Tiger conservation: a game of inconsistent numbers

29 Jul 2015

On World Tiger Day, figures reveal that the tiger remains in a precarious position

It’s World Tiger day today, but is it time to celebrate? Well, it depends what reports you read.

  • Bhutan has 100 tigers, 30pc up on a previous estimate, according to a new survey. Good news.
  • Bangladesh has 106, less than a quarter of the 440 estimated a decade ago. Bad news.
  • India’s Bengal tiger population is up 30pc to 2,226, but they are only now including all tigers in the country in the census. Confusing news.

What seems to be happening, at least in the Bangladesh case, is a marked improvement in how we count tigers.

It’s not as simple as driving around with a clipboard, ticking off each one as you pass. As they are such reclusive creatures, it’s difficult to lay your eyes on tigers in the wild.

Previous techniques for counting them was to track their paw prints, but this wasn’t accurate at all. It does, however, explain why the Bangladeshi population of tigers appeared so large in 2004.

Now cameras are used, which is far more effective. However, poaching – as always – remains a concern.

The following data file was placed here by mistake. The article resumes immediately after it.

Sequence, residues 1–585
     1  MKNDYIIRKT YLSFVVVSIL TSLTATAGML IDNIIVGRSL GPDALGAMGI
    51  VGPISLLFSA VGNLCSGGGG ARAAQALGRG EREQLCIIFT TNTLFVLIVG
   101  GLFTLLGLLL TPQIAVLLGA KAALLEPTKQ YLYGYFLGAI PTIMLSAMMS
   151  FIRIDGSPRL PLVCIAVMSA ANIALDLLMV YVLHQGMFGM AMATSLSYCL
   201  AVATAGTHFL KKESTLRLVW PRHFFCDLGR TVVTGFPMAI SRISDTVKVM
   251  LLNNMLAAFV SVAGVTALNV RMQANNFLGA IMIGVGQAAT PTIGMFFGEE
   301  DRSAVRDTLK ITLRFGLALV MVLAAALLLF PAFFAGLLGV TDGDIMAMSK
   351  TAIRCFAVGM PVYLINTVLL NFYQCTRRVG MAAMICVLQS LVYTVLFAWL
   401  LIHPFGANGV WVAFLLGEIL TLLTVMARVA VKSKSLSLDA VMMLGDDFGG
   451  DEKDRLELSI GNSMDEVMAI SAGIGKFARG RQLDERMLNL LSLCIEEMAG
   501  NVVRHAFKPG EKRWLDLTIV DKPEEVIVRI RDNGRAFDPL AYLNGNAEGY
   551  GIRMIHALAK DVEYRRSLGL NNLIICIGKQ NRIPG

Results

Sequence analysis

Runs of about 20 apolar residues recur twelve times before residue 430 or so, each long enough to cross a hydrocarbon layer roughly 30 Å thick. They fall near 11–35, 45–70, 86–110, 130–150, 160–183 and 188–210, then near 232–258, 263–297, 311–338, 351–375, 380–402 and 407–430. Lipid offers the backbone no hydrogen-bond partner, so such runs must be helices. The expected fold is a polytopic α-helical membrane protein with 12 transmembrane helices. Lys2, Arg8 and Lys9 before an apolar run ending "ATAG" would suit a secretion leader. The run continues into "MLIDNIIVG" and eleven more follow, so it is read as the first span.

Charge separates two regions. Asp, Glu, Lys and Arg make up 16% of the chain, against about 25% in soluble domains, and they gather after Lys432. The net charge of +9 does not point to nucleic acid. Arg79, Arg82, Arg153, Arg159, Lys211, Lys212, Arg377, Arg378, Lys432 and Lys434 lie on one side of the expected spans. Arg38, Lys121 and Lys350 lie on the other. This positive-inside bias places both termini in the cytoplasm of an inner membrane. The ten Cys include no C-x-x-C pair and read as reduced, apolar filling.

“There’s no doubt tiger population has declined in the Sundarbans in recent years due to rampant poaching of the big cats and for lack of proper forest management,” said Wildlife biologist Monirul Khan.

Indian summer

In India, the new government is proudly trumpeting a rise in tiger numbers to 2,226, which seems remarkable in just four years.

Though things aren’t, perhaps, as they seem.

The previous census only counted tigers in sanctuaries and reserves, with the new count – which covers all tigers in the country – not so much a 30pc rise in the number of tigers, but more a 30pc rise in tigers we’re aware of.

“Out of the 2,226 tigers estimated in this census, we have photographic evidence for about 1,500 individuals, or 70pc. And the statistical models are state-of-the-art,” says Rajesh Gopal, who headed India’s tiger conservation project for years.

An Asian problem

Tiger numbers throughout south-east Asia are unknown, with countries like Indonesia, Thailand and Burma offering scant reports. This, according to the WWF, is not merely a worry so much as “a crisis”.

“Until countries know the reality on the ground, they can’t take appropriate action to protect their tigers,” said Mike Baltzer, WWF Tigers Alive initiative leader.

It’s thought that just 3,000 tigers live in the wild today – which makes India’s figures remarkable – down from perhaps 100,000 a century ago.

Conservation efforts are ongoing, but with those kinds of numbers it’s difficult to see just how successful they can be.

Main image, via Shutterstock

Gordon Hunt was a journalist with Silicon Republic